Changing Conceptions of the Indian Ocean Revealed Through Maps with Chet Van Duzer

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Mon 6 May


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Discovery Lounge - Ground Floor

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In this lecture, map expert Chet Van Duzer will examine changing ideas about the Indian Ocean from classical antiquity to the eighteenth century, focusing on how those changes are reflected in maps. The primary focus is on European cartography, but Islamic and East Asian maps will also be addressed.  

Chet will examine the breakdown of the Ptolemaic idea that the Indian Ocean was enclosed by land, and the opening of the Portuguese route around Africa to India. The othering conception of the distant (from Europe) Indian Ocean as being a particular locus for sea monsters will be explored. Chet will examine how cartography by the Portuguese, Dutch, French, and English shows their attempts to gain power in the Indian Ocean. French developments of new and shorter routes by which to reach India and the Red Sea in the eighteenth century will be explored as a significant moment in cartography of the Indian Ocean. 

Discover rare and precious maps held by collections around the world as well as treasures from the State Library’s map collections as Chet takes you on a tour of Indian Ocean cartography. 

Chet Van Duzer is visiting Australia for the ARC funded project ‘Mobilising Dutch East India Company collections for new global stories’ (ARC LP210300960) and this special lecture is presented in partnership with the University of Western Australia and the State Library of Western Australia.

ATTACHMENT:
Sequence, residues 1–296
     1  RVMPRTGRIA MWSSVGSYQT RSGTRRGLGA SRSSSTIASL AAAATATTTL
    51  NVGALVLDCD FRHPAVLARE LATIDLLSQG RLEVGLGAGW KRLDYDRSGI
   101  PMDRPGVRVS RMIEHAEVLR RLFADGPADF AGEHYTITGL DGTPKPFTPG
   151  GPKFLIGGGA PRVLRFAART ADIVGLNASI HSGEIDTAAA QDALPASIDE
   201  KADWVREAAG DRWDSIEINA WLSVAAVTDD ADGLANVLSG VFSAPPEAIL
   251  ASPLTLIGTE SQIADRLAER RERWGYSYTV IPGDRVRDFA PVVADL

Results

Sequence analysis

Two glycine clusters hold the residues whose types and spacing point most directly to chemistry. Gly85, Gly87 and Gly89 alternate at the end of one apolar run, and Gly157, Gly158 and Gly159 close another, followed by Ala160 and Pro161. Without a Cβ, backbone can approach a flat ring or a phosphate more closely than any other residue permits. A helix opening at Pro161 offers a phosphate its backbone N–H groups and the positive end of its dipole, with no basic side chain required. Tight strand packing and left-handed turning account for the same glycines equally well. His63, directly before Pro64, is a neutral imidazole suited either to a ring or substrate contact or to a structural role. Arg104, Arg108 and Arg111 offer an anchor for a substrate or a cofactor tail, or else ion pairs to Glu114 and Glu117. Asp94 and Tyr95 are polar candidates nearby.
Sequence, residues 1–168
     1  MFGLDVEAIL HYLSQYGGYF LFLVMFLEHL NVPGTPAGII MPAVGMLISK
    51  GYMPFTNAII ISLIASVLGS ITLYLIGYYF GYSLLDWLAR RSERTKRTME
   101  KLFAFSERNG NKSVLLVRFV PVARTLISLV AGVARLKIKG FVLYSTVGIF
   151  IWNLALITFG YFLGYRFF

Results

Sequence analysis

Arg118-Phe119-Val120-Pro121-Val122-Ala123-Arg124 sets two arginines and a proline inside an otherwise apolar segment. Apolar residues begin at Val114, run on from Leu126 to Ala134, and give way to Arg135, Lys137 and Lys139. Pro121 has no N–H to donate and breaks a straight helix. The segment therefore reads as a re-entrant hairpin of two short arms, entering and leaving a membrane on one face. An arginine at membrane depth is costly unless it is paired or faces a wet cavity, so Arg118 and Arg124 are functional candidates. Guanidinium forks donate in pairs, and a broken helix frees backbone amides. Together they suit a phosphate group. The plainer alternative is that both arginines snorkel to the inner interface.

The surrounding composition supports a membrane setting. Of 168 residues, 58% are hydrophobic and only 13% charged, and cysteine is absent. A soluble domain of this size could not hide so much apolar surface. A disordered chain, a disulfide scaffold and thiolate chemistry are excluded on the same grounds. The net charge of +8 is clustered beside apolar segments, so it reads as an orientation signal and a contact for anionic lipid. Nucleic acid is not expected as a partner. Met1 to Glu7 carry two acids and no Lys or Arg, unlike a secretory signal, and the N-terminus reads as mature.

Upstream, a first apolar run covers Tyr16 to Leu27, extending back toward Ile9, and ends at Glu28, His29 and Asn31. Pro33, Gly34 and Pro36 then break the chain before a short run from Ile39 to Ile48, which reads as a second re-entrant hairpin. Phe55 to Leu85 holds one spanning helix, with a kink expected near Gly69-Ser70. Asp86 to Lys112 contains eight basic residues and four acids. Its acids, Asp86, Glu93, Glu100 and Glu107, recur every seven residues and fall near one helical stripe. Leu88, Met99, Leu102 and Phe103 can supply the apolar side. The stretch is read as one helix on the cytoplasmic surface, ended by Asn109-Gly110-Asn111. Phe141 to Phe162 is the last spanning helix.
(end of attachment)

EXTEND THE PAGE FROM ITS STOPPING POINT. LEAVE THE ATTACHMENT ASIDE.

Chet Van Duzer

Chet Van Duzer is a historian of cartography and a board member of the Lazarus Project at the University of Rochester, which brings multispectral imaging (a technology for recovering information from damaged manuscripts) to cultural institutions around the world. He has published extensively on medieval and Renaissance maps; his recent books include Henricus Martellus’s World Map at Yale (c. 1491): Multispectral Imaging, Sources, and Influence, published by Springer in 2019, and Martin Waldseemüller’s Carta marina of 1516: Study and Transcription of the Long Legends, published by Springer in 2020. His book Frames that Speak: Cartouches on Early Modern Maps was just published by Brill in open access. His current project is on self-portraits by cartographers that appear on maps.

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